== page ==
Because the songs "My Man," "Second Hand Rose," and "I’d Rather Be Blue" frequently were performed by the real Brice during her career, they were interpolated into the Styne-Merrill score.


1968 Original Motion Picture Soundtrack album cover

Released on the vinyl album format in stereo in 1968, the soundtrack was subsequently released in quadraphonic sound vinyl, cassette, and compact disc. The titles "Second Hand Rose" and "Exit Music" are omitted from the commercially-released soundtrack editions.


Isobel Lennart originally wrote Funny Girl as a screenplay for a drama film entitled My Man for producer Ray Stark, but when he offered it to Mary Martin, she suggested it might work better as a stage musical. Lennart consequently adapted her script for what eventually became a successful Broadway production starring Barbra Streisand.[5]

Although she had not made any films, Streisand was Stark's first and only choice to portray Brice onscreen. "I just felt she was too much a part of Fanny, and Fanny was too much a part of Barbra to have it go to someone else," he said, but Columbia Pictures executives wanted Shirley MacLaine in the role instead. MacLaine and Streisand were good friends and shared a birthday; both actresses rolled their eyes at the idea. Stark insisted if Streisand were not cast, he would not allow a film to be made, and the studio agreed to his demand.[4]

Gene Kelly were considered to direct the film before Sidney Lumet was signed. After working on pre-production for six months, he left the project due to "creative differences" and was replaced by William Wyler, whose long and illustrious award-winning career never had included a musical film; he originally was assigned to direct The Sound of Music. Wyler initially declined Stark's offer because he was concerned his significant hearing loss would affect his ability to work on a musical. After giving it some thought, he told Stark, "If Beethoven could write his Eroica Symphony, then William Wyler can do a musical."[4]

Streisand had never heard of Wyler, and when she was told he had won the Academy Award for Best Director for Ben-Hur, she commented, "Chariots! How is he with people, like women? Is he any good with actresses?" As for Wyler, he said, "I wouldn’t have done the picture without her." Her enthusiasm reminded him of Bette Davis, and he felt she "represented a challenge for me because she’s never been in films, and she’s not the usual glamour girl".[4]

In the film's finale, Streisand sings "My Man", a tune closely associated with Fanny Brice

Styne wanted Frank Sinatra for the role of Nicky Arnstein, but the actor was willing to appear in the film only if the role was expanded and new songs were added for the character. Stark thought Sinatra was too old and preferred someone with more class like Cary Grant, even though Grant was eleven years older than Sinatra.[5] Marlon Brando, Gregory Peck, Sean Connery, David Janssen, and James Garner were also considered. Egyptian Omar Sharif was cast to star opposite the Jewish Streisand after Wyler noticed him having lunch in the studio commissary. When the Six-Day War between Israel and Egypt broke out, studio executives considered replacing Sharif, but both Wyler and Streisand threatened to quit if they did. Later, the publication of a still depicting a love scene between Fanny and Nicky in the Egyptian press prompted a movement to revoke Sharif's citizenship. When asked about the controversy, Streisand replied, "You think the Egyptians are angry? You should see the letter I got from my Aunt Rose!"[4] Anne Francis was cast in a new role as the lead chorine in the Ziegfeld Follies.[6]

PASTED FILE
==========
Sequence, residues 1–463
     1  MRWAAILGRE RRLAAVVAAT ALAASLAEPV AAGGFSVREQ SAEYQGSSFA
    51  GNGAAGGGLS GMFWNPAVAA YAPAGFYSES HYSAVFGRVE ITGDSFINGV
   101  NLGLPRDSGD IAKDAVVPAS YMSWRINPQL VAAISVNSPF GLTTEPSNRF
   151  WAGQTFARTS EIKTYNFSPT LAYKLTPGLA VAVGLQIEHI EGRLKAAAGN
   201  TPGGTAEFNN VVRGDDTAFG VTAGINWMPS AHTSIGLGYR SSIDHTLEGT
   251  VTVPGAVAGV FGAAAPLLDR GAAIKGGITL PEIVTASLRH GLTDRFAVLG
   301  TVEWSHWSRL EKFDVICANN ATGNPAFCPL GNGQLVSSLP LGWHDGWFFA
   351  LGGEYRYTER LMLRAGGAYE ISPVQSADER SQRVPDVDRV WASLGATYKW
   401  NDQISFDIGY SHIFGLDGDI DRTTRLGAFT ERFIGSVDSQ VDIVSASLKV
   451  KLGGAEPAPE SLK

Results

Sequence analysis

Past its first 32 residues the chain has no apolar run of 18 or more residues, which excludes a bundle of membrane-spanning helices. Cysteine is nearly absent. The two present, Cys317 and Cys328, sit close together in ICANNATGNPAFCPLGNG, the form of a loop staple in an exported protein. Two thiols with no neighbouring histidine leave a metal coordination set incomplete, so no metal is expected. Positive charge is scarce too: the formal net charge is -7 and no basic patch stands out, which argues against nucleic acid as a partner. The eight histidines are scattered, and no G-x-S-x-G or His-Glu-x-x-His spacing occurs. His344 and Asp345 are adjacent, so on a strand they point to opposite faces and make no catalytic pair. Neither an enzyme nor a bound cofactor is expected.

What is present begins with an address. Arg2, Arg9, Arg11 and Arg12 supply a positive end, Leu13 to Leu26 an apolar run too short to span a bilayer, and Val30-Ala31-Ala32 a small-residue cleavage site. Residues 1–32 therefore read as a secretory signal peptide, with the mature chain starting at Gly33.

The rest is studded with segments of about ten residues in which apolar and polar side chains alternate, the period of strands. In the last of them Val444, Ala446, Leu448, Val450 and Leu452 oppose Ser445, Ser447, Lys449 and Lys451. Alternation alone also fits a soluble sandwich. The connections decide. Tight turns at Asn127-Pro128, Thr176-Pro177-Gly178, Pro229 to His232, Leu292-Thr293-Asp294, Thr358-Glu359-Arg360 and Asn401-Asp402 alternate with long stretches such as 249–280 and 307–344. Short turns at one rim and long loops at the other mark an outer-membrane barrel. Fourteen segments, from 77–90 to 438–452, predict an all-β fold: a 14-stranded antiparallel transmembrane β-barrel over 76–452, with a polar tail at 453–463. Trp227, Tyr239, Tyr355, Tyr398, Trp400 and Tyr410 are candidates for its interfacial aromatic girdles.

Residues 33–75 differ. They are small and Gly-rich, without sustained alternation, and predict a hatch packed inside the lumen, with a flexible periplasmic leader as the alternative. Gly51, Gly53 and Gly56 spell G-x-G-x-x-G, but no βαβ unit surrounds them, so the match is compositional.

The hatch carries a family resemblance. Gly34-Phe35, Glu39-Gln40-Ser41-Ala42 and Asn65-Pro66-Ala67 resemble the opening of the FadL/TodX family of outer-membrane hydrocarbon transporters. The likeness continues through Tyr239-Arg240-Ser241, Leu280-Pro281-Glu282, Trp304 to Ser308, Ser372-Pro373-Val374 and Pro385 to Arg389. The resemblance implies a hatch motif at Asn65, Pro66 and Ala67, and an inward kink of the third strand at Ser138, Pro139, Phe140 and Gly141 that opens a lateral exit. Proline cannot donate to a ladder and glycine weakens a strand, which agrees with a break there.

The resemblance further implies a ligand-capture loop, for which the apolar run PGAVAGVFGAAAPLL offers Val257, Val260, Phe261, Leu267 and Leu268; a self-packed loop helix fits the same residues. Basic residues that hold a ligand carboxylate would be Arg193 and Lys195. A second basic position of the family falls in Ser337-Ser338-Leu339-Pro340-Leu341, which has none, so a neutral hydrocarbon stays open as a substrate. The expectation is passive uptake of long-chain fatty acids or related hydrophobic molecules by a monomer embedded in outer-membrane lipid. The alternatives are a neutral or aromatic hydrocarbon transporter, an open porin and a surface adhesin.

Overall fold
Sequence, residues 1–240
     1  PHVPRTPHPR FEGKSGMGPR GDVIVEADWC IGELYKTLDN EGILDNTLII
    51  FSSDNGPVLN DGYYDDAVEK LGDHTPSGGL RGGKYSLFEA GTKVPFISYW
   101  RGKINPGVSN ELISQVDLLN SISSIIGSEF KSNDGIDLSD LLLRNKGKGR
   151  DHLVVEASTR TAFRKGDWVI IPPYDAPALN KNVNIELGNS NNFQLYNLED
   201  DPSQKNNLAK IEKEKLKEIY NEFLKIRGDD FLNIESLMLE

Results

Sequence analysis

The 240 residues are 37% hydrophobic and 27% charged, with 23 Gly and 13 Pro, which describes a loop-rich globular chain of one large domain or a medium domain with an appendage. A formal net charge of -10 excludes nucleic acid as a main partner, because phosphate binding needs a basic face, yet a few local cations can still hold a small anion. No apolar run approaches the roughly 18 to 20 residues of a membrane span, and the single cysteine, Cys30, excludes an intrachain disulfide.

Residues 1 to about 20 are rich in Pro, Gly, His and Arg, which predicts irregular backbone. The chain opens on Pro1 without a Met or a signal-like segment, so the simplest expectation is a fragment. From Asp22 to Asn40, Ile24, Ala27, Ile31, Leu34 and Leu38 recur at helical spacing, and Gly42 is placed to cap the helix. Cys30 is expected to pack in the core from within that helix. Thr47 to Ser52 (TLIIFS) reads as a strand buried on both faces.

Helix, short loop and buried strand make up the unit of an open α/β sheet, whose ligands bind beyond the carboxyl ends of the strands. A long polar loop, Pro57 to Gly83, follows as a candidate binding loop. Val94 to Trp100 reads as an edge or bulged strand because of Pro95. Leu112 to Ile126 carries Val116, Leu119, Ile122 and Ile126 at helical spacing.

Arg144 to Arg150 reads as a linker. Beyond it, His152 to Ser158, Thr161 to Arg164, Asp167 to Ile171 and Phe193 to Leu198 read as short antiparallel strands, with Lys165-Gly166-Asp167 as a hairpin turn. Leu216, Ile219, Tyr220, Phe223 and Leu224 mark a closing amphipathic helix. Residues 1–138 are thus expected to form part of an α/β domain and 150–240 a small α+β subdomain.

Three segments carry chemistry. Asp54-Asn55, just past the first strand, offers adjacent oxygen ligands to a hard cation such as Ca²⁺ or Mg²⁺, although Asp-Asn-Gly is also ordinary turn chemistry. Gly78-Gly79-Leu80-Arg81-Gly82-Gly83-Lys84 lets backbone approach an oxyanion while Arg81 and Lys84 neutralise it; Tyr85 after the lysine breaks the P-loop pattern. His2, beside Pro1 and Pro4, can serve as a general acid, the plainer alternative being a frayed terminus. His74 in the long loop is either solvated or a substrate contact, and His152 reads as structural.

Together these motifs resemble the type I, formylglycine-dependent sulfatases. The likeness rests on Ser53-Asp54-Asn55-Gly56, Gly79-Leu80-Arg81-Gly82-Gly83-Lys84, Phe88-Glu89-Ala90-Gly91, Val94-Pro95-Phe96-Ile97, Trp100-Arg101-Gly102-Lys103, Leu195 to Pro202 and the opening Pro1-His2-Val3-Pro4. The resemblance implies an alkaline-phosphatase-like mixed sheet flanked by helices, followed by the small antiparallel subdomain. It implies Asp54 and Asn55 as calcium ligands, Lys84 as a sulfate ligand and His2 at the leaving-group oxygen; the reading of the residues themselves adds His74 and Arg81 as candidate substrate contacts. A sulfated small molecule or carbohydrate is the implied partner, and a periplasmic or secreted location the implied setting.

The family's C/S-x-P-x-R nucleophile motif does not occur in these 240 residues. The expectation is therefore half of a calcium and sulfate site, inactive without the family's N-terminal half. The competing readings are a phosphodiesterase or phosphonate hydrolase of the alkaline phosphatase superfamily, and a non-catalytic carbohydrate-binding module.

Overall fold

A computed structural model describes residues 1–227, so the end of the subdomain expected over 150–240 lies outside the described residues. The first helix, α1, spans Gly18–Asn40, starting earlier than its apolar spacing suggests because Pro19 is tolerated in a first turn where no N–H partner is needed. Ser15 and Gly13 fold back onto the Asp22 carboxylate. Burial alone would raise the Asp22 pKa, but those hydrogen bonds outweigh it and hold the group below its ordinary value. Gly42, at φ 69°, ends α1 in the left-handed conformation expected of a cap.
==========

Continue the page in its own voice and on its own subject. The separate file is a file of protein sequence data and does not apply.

Choreographer Herbert Ross, who staged the musical numbers, had worked with Streisand in I Can Get It for You Wholesale, her Broadway debut.[4]

Principal photography began in August 1967 and was completed by December.[7] During pre-recording of the songs, Streisand had demanded extensive retakes until she was satisfied with them, and on the set she continued to display her perfectionist nature, frequently arguing with Wyler about costumes and photography. She allegedly had so many of her scenes with Anne Francis cut before the film's release that Francis sued to have her name removed from the credits, but lost.[4] Streisand later claimed she never told Wyler to cut anything and the final film reflected his choices, not hers. Francis later said "I have no feud with Barbra. But doing that film was like Gaslight. What infuriated me was the way they did things—never telling me, never talking to me, just cutting. I think they were afraid that if they were nice to me, Barbra would have been upset."[8]


In 1975, Streisand reprised her role of Brice opposite James Caan as Brice's second husband, impresario Billy Rose, in a sequel entitled Funny Lady.

"Hello, gorgeous"

"Hello, gorgeous" are the first words uttered by Streisand in the film. After winning the